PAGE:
In 2008, the State of So Paulo, Brazil, forbade the euthanasia of non aggressive pets by government institutions, such as zoonosis control centers, as a method of population control, except in case of severe illness of incurable contagious illness. Adoption has become the only possible destination of most of captured dogs, becoming a major concern to the centers. The risk of an adopted dog damaging its owner physical integrity must be considered, avoiding unsuccessful ownership experiences, when the dog is returned to the center or relinquished elsewhere it represents unnecessary stress to the dog and unprofitable expenses to the public authority. Behavioral tests are an alternative that is gaining strength to determine whether a dog can or cannot be adopted and to increase the number of successful adoptions. Those tests have demonstrated to be better predictors of future behavioral problems than the opinion of the team working in the shelter. The present work has tested 166 shelter dogs available for adoption using a behavioral test proposed by the Valsecchi (2011), between September and December of 2011. The people who adopted one of those dogs are being interviewed after a period of between 58 and 67 days after adoption. This interview consists of questions on familiar environment, interaction with the animal, manifestations of aggressiveness and a validated test to analyze human-animal bond. Of the tested dogs, 3 died in the shelter, 47 were adopted 116 are still at the shelter. Out of the adopted dogs, 3 are no longer in their adoptive homes one for behavioral problems, one was rescued for welfare issues and one ran away. Four owners couldnt be reached and 30 completed the interview. Considering the observed adoption rate constant, it would take 14 months to get all 166 dogs out of the shelter. The follow up interviews will still be done with every dog that is adopted and the relation of the behavioral test and human-animal bond is still to be analyzed. Considering that the city of So Paulo has a limited structure to receive and put dogs to adoption and that those adoptions may take a long time to happen, it makes clear that every adoption is a gold opportunity that cannot be lost or wasted and the adoption system must be improved to value these opportunities. 4. Two-stage cluster sampling to estimate population parameters of owned dogs and cats in urban area of Votorantim, Brazil O. Santos1, E. Nestori Chiozzotto2, R. de Cassia Maria Garcia2, R. A. Dias1, F. Ferreira1; 1 Departamento de Medicina Veterinria Preventiva e Sade Animal, Universidade de So Paulo. 2 Instituto Tcnico de Educao e Controle Animal ITEC, Brazil. Email: oswaldo@vps.fmvz.usp.br A two-stage sampling design was adopted to estimate parameters of interest to the management of dog and cat populations. In a pilot study, the between and within cluster variance as well as the intraclass correlation coefficient, for the variable total number of dogs per household were calculated. With those values, the minimal number of households (secondary sampling units) to be selected in each census sector (primary sampling unit) was obtained. The minimal number of census sectors to be sampled was calculated from the number of households previously determined and through a function that relates the cost of inclusion of both units the primary and the secondary. The selection probability of each census sectors was proportional to its size (number of households that contain) and with replacement. The selection of households in each census sector was systematic and random. To collect data, a questionnaire created and refined in a pilot study was used. A total of 10 population parameters were estimated, concerning to interviewees and households; 31 related with demographic characteristics of animals; 36 concerning to reasons for not sterilizing the animals; 50 related with the destination of animals and 76 related with the tolerance of nuisance behaviour. For the particular case of the variable total number of dogs, the point estimate was 26734.1 (dog:human ratio = 1:4.07); CI 95 % = 20061.98 33406.14; and the design effect was = 4.856. For the other variables, the median, mean, minimum and maximum of design effects were 1.197, 2.252, 0.143 and 43.25 respectively. The sampling design based on the variable total number of dogs per household produced appropriate design effects for almost all the variables, however, further studies are still required to create sampling designs that may produce more precise estimates and bigger effective sample sizes. 5. Dog chemical castration by intratesticular injection of a calcium chloride in an alcohol solution R. Leoci1, G. Aiudi1, F. Silvestre1, G. M. Lacalandra1; 1University of Bari, Department of Animal Production, Italy. Email: leocivet@yahoo.it Overpopulation of stray and feral dogs pose serious human health, animal health and welfare problems and have a socio-economic, political and religious impact in many countries. The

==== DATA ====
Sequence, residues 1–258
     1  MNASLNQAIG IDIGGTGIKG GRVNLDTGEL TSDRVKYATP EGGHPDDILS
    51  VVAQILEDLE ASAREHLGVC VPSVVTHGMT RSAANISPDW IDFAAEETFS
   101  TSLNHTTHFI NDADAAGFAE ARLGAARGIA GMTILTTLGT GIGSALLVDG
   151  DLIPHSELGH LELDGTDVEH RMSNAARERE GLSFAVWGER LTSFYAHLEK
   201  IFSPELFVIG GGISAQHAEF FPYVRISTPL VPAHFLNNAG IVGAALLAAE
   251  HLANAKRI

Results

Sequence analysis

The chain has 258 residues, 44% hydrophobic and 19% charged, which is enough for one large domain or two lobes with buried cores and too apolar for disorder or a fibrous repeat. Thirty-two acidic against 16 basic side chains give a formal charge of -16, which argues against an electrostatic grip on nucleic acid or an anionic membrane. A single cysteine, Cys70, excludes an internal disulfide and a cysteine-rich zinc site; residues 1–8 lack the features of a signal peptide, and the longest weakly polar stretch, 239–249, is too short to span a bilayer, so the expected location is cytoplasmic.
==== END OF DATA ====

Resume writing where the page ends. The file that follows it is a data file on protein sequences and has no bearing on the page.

uncontrolled populations of stray dogs are fast increasing; although sterilization of male and female dogs is ideal for prevention of overpopulation, sterilization of male may be more beneficial, because males have the potential to produce a greater number of offspring than females. Surgical sterilization has been the cornerstone of efforts to curb pet overpopulation. While undoubtedly effective in preventing reproduction in individual animals, surgical techniques are far from ideal tools: can be too time consuming, expensive to be performed on a large-scale and presents many adverse side effects. Chemical castration is an alternative non-surgical approach to male dog contraception. The technique is not technically challenging, inexpensive and suitable for large-scale sterilization programs. Advantages of nonsurgical chemical sterilization are apparent reduction of pain and stress, and elimination of haemorrhage, infection and other surgical sequelae. Actually, scientists with an interest in animal welfare have been attempting to define the criteria that can identify husbandry systems that are less stressful on the physiological and ethological well being of animals. An ideal chemical sterilizing agent for domestic animals would be one that effectively arrests spermatogenesis and androgenesis as well as libido and absence of toxic and untoward side effects. Intratesticular injections have been investigated as a method of inducing aspermatogenic orchitis and male contraception for more than five decades. Unfortunately the ideal chemical agent has not been found, yet. The aim of this trial was to evaluate the efficacy of 20% calcium chloride in pure alcohol solution, injected into the testicular parenchyma, as a method for chemical castration. Twenty-one dogs of mixed breed, 4.71.23 years old, 205.84 kg of body weight, with good clinical conditions and normal reproductive parameters, were lightly sedated and injected into the dorsocranial portion of both testes with a solution of 20% calcium chloride dehydrate in ethanol (95%). The dose injected corresponds with the testicular width (19-22 mm receive 0.8 ml; 23 and above 1 ml). Semen evaluation was performed by CASA (Computer Assisted Sperm Analysis) system at day 30-60-90. Forty-eight hours after the injection, dogs showed very light discomfort at palpation and testicular tumefaction, which regressed within 3 days. At day 30, testicular ultrasonography revealed bilateral more dense nodular lesions; prostatic volume and parenchyma were normal. Semen evaluation showed azoospermia at day 30-60 and 90. At day 90 testicles were shrunk at palpation. An intratesticular injection of 20% calcium chloride in pure alcohol solution, as a method for chemical castration, was effective and economical for the sterilization of male dogs. It is free from pain and chronic stress and will contribute to a simple alternative method to surgical castration. The dogs of this study are under evaluation to study this solution injection long term effect (one year). 6. Distribution and abundance of stray dogs in the province of Rieti (Lazio, Italy): basic data for management planning S. Adriani1,2, M. Bonanni2, A. Cardone2, G. Casciani2, M. Mangiacotti2, A. Mazzilli2, E. Morelli2, V. Rosati2, S. Rughetti2, V. Ruscitti2, A. Amici1; 1Dept. of Science and Technologies for Agriculture, Forestry, Nature and Energy (DAFNE) University of Tuscia, Italy. 2Environment Committee Pro Loco Fiamignano, Italy. Email: adrianisettimio@libero.it This study was conducted in the province of Rieti (Lazio, Italy), in an area of 2,760km2 split into 73 municipalities. Stray dogs (Canis familiaris) represent a serious problem that can have negative consequences on human and domestic animal health (e.g. Echinococcus granulosus), increase livestock predation, and generate possible genetic pollution of wolves (Canis lupus is present in 12 Sites of Natura 2000 network). In addition, concern is growing as stray dogs may also attack humans (Livorno, February 28, 2012; Milano, March 2, 2012). Due to these worries it is absolutely mandatory to acquire data to plan an appropriate management of stray dogs. An operational intervention can be effective only if the exact distribution and abundance of the phenomenon are known. The survey was carried out by patrolling the area. For this purpose the territory was divided into 10 zones, assigned to as many supervisors. The patrols were carried out between May 2011 and January 2012. The agricultural and natural areas have been examined following pathways previously identified and georeferenced (3,420km; 1.23km/km2). The larger inhabited areas were split into districts and assigned to trusted supervisors. The surveys took place simultaneously in various districts of the same town centre. Only the dogs without owners were counted at the time of interception. The presence or absence of the collar has been of relevant importance in order to distinguish wandering dogs (with owner, but unguarded) from stray dogs (without owner). The observed subjects were divided according to the areas of interception (villages or natural location), to aggregation (individual or packs) and to breed. To avoid underestimation and multiple counts, each path (country or village) was executed without interruption. The patrol was carried out in 582 small towns (average=276 inhabitants/village). During 601 inspections 841 stray dogs were localized, of these 413 belong to 173 mono/multiracial packs consisting of 2 to 5 subjects (average=2.39 heads/pack, S.D.=0.62); 428